Additional Child Tax Credit Resources
- For general questions about the CTC, read our FAQ
- If you’re looking for more detailed information, the federal government has launched a helpful site covering several important aspects of the CTC, including:
- Even if you have not yet claimed your CTC, you can still get your credit by using the GetCTC simplified filing tool.
- If you were not required to file a tax return by April 18 or you requested an extension, you can also claim the CTC by filing a full tax return:
- If you feel comfortable filing online without much help, you can use IRS Free File, which is available to people whose income was $72,000 or less in 2021 and allows you to file yourself.
- If you’re comfortable filing your taxes online with some virtual assistance, visit GetYourRefund.org where you can complete a virtual VITA intake. This site will guide you through the process and, if you need additional help, connect you to a VITA volunteer for support.
- If you’d prefer to get in-person assistance, you can visit an IRS’s Volunteer Income Tax Assistance (VITA) site. VITA is generally available to people who make $57,000 or less, those who have disabilities, and those who speak limited English.
- For additional support with tax issues, find your local Low-Income Taxpayer Clinic for free legal help on tax issues with the IRS, or make an appointment with your local Taxpayer Assistance Center.
- If you want to help others get their CTC, here are the resources you’ll need to get started.
- The CTC substantially reduced child poverty from July to December 2021, when families received advance monthly payments of the CTC of up to $300 per child.
- The first round of CTC payments in July 2021 kept 3 million children above the federal poverty line, while the final round of payments in December kept 3.7 million children above the federal poverty line and reached a total of 61.2 million children.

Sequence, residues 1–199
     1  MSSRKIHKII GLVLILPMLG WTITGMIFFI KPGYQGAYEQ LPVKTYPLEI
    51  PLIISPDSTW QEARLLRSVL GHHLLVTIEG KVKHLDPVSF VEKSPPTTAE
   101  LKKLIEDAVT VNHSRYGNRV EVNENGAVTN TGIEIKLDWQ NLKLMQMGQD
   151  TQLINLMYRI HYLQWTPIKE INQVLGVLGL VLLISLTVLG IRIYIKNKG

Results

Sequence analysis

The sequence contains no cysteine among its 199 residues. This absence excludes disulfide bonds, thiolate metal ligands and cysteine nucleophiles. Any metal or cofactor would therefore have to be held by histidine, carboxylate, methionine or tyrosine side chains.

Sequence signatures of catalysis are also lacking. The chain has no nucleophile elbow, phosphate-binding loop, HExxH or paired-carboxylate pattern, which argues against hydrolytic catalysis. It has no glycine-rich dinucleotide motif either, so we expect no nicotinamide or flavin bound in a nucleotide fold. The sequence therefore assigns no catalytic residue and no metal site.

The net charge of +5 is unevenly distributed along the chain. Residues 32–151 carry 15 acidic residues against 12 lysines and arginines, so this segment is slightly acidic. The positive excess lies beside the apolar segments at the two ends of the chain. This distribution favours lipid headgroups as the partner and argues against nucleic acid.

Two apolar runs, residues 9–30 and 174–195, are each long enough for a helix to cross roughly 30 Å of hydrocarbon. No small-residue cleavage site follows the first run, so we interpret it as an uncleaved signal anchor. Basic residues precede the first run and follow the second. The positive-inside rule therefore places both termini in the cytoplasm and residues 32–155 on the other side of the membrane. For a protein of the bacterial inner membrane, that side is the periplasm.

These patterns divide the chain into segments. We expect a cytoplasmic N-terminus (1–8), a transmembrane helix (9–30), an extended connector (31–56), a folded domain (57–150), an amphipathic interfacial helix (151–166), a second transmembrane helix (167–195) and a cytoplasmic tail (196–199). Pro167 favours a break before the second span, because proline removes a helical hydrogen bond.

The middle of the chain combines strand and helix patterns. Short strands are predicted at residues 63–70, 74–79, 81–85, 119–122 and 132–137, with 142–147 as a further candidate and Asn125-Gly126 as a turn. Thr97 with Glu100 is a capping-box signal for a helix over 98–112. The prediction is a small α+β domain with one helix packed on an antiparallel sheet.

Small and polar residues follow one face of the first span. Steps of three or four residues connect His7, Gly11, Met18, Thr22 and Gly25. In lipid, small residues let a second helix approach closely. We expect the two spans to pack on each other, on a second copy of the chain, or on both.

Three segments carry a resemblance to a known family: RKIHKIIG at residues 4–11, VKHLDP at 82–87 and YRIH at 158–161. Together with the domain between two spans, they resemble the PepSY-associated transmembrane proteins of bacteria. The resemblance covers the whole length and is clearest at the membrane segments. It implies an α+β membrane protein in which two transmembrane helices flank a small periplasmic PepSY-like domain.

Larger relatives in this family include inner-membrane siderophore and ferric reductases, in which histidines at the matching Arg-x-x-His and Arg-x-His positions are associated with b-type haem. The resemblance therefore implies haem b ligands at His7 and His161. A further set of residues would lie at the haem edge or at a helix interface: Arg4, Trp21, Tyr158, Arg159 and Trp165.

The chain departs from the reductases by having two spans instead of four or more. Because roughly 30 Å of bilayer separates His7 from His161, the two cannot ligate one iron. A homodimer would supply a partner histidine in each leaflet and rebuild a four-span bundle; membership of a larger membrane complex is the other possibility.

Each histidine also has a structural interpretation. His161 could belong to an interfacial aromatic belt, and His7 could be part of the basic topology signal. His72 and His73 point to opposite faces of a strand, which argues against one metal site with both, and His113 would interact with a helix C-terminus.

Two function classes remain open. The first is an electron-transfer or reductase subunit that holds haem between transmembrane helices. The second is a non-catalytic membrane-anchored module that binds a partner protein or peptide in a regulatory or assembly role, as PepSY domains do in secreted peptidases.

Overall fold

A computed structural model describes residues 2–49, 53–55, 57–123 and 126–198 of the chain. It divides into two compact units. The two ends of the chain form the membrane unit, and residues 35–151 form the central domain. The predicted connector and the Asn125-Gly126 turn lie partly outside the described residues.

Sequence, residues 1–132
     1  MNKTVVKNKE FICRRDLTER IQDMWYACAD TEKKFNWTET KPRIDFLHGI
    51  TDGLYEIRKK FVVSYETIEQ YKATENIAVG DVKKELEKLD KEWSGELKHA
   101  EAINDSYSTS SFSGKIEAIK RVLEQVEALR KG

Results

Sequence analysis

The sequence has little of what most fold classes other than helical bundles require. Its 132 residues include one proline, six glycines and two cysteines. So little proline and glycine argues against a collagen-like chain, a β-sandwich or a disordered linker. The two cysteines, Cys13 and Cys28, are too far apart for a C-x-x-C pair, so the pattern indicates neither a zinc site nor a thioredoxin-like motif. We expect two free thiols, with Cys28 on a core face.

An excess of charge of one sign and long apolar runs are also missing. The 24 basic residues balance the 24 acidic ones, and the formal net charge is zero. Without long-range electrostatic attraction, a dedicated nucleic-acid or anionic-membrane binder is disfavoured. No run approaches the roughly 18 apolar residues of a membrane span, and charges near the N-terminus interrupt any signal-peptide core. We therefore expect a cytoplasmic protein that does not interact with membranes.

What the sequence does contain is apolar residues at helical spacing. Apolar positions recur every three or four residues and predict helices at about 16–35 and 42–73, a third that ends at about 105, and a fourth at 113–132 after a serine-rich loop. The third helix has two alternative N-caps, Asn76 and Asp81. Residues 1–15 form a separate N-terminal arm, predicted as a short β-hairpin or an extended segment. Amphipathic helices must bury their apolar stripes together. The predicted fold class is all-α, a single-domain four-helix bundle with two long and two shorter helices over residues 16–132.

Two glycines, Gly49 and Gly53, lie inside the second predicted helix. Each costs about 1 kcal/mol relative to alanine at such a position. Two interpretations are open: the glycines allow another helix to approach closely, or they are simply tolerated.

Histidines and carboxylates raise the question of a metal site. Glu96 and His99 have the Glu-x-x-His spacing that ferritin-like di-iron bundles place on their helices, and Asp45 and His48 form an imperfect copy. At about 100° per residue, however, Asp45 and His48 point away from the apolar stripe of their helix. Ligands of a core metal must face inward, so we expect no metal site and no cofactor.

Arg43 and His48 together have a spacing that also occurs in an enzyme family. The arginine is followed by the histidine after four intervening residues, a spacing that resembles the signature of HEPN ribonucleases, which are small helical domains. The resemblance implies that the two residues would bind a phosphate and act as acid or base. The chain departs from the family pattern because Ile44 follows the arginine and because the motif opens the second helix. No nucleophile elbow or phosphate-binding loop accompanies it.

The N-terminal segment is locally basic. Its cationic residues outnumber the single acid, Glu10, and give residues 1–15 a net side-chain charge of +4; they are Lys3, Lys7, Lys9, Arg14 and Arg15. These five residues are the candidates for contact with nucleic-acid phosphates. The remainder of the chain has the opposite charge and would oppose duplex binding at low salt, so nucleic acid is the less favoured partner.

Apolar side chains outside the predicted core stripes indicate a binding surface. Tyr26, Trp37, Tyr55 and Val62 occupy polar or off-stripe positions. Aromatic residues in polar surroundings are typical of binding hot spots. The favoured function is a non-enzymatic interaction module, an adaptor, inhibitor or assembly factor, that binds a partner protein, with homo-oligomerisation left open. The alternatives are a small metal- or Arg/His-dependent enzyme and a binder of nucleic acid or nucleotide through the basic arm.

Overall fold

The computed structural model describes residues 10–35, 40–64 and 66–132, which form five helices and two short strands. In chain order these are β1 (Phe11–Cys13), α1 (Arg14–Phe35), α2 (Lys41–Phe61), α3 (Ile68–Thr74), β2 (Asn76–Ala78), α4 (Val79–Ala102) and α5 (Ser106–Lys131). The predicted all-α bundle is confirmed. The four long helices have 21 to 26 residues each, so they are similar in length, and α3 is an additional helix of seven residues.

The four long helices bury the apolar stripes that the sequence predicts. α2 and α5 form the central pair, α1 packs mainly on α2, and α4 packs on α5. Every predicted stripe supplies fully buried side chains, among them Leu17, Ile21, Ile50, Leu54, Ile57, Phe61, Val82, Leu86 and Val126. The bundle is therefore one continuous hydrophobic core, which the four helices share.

- Researchers found that the CTC reduced food insecurity among households with children by 26 percent.
- If the CTC is made permanent, it would substantially reduce child poverty nationwide.
- Unfortunately, when monthly CTC payments stopped at the end of 2021, the anti-poverty effects of the program vanished.
- Between December 2021 and January 2022, the child poverty rate increased by 41 percent. In total, 3.7 million more children were living below the federal poverty line after the program expired.
- If the expanded CTC is not reinstated, the progress made in fighting child poverty in 2021 will be lost permanently.
- CDF is fighting for an immediate, one-year extension of the expanded Child Tax Credit. In January 2022, we organized 400 partner organizations to call on Congress to pass the Build Back Better Act and extend the expanded CTC through 2022.
- CDF is also fighting for a permanent, inclusive, and robust child allowance.
- In August 2021, more than 700 national, state, and local organizations joined our call to make the CTC permanent.
- In early 2021, we outlined our priorities for a robust child allowance. In addition to making the expanded CTC permanent, Congress must:
- Expand eligibility to the more than 300,000 children who are currently excluded because they live with distant relatives or family friends or move frequently between households.
- Restore eligibility for the more than 1 million children without Social Security Numbers who were prohibited from accessing the CTC by the 2017 Tax Cuts and Jobs Act.
Child Tax Credit: Frequently Asked Questions
Looking for more information? We have outlined everything you need to know about the Child Tax Credit expansion and what it means for your family.
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